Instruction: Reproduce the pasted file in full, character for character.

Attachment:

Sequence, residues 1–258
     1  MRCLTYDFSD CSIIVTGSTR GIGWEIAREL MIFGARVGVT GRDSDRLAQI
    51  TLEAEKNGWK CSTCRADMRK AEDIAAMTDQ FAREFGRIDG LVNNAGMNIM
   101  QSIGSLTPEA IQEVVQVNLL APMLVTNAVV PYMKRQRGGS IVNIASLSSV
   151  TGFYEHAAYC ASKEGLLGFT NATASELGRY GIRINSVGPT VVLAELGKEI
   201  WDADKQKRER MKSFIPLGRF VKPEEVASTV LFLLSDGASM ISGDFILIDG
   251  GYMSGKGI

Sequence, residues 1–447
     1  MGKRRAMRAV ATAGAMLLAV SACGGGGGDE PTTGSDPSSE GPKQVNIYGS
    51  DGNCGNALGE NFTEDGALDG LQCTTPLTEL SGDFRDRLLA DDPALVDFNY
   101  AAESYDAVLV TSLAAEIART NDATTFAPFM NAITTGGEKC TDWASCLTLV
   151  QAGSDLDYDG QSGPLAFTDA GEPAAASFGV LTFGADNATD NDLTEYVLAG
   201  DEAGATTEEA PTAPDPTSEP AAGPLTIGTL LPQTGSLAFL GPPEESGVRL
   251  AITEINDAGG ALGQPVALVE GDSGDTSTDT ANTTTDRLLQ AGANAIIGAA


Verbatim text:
Sequence, residues 1–258
     1  MRCLTYDFSD CSIIVTGSTR GIGWEIAREL MIFGARVGVT GRDSDRLAQI
    51  TLEAEKNGWK CSTCRADMRK AEDIAAMTDQ FAREFGRIDG LVNNAGMNIM
   101  QSIGSLTPEA IQEVVQVNLL APMLVTNAVV PYMKRQRGGS IVNIASLSSV
   151  TGFYEHAAYC ASKEGLLGFT NATASELGRY GIRINSVGPT VVLAELGKEI
   201  WDADKQKRER MKSFIPLGRF VKPEEVASTV LFLLSDGASM ISGDFILIDG
   251  GYMSGKGI

Sequence, residues 1–447
     1  MGKRRAMRAV ATAGAMLLAV SACGGGGGDE PTTGSDPSSE GPKQVNIYGS
    51  DGNCGNALGE NFTEDGALDG LQCTTPLTEL SGDFRDRLLA DDPALVDFNY
   101  AAESYDAVLV TSLAAEIART NDATTFAPFM NAITTGGEKC TDWASCLTLV
   151  QAGSDLDYDG QSGPLAFTDA GEPAAASFGV LTFGADNATD NDLTEYVLAG
   201  DEAGATTEEA PTAPDPTSEP AAGPLTIGTL LPQTGSLAFL GPPEESGVRL
   251  AITEINDAGG ALGQPVALVE GDSGDTSTDT ANTTTDRLLQ AGANAIIGAA